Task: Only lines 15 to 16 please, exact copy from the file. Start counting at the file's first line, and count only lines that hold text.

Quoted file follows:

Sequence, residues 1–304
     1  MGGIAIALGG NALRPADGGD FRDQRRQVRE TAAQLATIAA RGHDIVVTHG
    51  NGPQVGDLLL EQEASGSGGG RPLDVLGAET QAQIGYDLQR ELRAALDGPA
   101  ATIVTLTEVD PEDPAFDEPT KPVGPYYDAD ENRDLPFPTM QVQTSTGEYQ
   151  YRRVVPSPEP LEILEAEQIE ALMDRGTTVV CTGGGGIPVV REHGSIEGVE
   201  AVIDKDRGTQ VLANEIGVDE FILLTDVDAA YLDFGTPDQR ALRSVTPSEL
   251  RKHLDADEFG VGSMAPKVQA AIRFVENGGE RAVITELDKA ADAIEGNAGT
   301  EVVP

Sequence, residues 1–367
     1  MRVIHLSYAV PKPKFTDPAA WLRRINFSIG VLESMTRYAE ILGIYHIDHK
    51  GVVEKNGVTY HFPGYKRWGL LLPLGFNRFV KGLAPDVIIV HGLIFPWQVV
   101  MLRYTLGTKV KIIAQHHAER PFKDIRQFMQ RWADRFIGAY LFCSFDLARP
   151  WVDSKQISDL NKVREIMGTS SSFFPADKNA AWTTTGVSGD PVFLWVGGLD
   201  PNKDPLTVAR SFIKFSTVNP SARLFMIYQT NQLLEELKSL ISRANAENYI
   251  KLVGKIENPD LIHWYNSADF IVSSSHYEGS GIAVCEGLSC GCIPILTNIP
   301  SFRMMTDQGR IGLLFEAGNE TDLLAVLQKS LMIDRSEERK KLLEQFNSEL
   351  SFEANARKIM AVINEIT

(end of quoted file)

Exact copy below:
   251  KLVGKIENPD LIHWYNSADF IVSSSHYEGS GIAVCEGLSC GCIPILTNIP
   301  SFRMMTDQGR IGLLFEAGNE TDLLAVLQKS LMIDRSEERK KLLEQFNSEL